Toggle answer
function post(request, response) {
const { email, password, name } = request.body;
auth
.createUser(email, password, name)
.then(auth.saveUserSession)
.then((sid) => {
response.cookie("sid", sid, auth.COOKIE_OPTIONS);
response.redirect("/");
});
// ...
}

Part three: logging in

User log in is a very similar three-step process:

  1. Get the submitted user data, hash the password, check the hash matches the one you have stored for that user
  2. Create a new session ID, then store the user data in the sessions table (so they’re logged in)
  3. Set a cookie containing the session ID so they stay logged in on future requests

Only the first step is different for this route, so you’ll need to write just one more function in auth.js.

  1. Write a function verifyUser that takes an email and password as arguments, then gets the stored user from the DB using the email, then uses bcrypt.compare to verify the password. If the passwords match return the user object, otherwise throw an error. For example:
    auth.verifyUser("oli@o.com", "hunter2").then((user) => console.log(user));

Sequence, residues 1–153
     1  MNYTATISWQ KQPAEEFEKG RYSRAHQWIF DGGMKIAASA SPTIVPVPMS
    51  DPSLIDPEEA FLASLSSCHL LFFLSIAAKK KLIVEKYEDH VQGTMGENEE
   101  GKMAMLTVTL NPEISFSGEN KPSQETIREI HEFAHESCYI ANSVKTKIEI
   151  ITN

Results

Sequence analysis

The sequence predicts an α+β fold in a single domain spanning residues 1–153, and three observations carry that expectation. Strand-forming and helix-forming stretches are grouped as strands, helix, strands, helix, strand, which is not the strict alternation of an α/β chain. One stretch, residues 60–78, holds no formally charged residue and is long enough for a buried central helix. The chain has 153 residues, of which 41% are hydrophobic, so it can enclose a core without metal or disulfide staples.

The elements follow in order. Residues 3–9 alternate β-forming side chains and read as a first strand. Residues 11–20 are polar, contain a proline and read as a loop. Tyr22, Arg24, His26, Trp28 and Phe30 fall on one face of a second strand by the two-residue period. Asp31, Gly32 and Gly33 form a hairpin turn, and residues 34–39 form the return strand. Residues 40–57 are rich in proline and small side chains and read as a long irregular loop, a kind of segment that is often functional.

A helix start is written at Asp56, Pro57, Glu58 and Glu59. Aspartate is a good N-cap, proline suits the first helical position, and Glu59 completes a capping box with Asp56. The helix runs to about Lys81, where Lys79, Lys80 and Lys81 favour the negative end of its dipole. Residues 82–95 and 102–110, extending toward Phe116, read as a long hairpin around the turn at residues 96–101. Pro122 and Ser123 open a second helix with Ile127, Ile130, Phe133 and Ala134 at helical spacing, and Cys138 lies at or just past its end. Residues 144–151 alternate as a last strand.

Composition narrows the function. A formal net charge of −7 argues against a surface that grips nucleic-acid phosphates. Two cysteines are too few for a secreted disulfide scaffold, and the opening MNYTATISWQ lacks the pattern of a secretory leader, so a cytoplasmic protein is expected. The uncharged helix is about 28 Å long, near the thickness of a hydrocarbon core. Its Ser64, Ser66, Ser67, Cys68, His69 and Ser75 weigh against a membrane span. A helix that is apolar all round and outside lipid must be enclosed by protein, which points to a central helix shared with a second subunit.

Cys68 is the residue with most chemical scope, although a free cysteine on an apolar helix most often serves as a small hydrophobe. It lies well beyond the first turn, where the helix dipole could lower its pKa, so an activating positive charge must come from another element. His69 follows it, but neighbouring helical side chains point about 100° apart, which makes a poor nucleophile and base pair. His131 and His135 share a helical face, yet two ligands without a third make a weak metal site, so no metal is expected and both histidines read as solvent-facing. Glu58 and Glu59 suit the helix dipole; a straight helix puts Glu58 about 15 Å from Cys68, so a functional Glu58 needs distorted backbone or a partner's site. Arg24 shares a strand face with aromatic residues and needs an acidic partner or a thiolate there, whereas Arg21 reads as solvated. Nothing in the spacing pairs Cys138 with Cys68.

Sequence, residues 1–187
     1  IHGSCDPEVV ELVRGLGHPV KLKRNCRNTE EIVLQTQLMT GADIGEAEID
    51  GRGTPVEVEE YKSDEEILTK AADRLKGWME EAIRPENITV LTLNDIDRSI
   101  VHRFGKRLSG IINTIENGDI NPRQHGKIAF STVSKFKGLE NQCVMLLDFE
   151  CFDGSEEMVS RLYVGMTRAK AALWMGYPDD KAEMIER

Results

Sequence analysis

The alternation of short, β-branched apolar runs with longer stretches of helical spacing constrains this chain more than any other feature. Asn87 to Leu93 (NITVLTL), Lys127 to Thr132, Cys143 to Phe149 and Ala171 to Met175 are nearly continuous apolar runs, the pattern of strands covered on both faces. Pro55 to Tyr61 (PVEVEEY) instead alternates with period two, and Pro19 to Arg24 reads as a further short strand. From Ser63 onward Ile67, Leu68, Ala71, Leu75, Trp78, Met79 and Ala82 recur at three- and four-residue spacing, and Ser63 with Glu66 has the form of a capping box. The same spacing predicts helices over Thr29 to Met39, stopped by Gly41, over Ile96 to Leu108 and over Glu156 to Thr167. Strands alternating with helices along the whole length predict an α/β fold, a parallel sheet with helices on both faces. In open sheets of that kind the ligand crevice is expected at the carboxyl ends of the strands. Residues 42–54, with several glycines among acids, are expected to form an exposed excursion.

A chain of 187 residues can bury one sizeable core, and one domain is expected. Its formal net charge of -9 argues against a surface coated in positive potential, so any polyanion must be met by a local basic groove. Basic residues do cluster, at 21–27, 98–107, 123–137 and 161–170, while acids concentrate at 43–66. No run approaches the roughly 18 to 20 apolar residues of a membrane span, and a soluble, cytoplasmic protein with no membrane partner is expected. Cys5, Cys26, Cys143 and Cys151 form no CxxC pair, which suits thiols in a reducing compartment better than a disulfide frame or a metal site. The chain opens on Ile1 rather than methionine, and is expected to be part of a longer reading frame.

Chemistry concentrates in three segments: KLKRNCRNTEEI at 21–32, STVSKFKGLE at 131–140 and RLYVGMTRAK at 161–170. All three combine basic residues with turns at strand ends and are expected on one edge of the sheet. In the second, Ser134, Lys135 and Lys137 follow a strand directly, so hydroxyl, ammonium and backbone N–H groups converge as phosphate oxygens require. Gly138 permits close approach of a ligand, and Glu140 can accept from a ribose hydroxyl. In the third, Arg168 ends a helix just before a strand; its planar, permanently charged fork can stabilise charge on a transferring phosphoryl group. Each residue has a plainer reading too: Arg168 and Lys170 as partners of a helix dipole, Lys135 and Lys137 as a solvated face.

// Logs: { email: "oli@o.com", name: "Oli" }
    // (assuming the password is correct)
Toggle answer
function verifyUser(email, password) {
return model.getUser(email).then((user) => {
return bcrypt.compare(password, user.password).then((match) => {
if (!match) {
throw new Error("Password mismatch");
} else {
return user;
}
});
});
}

Once this function is working you need to use it in the /log-in route:

  1. Use auth.verifyUser, auth.saveUserSession and auth.COOKIE_OPTIONS in routes/logIn.js. Verify the user’s password, then save the session, then store the session ID in a cookie before redirecting.
Toggle answer
function post(request, response) {
const { email, password } = request.body;
auth
.verifyUser(email, password)
.then(auth.saveUserSession)
.then((sid) => {
response.cookie("sid", sid, auth.COOKIE_OPTIONS);
response.redirect("/");
});
// ...
}

Stretch goal: logging out

The POST /log-out route should delete the stored session from the DB, clear the session cookie and redirect back to the home page.

  1. Write a deleteSession function in model.js that takes a session ID and deletes the matching row from the sessions table, returning nothing. For example:
    model.deleteSession("def456").then(() => console.log("done"));
    // Logs: "done"
  2. Use model.deleteSession in the routes/logOut.js. The handler should delete the session and clear the cookie.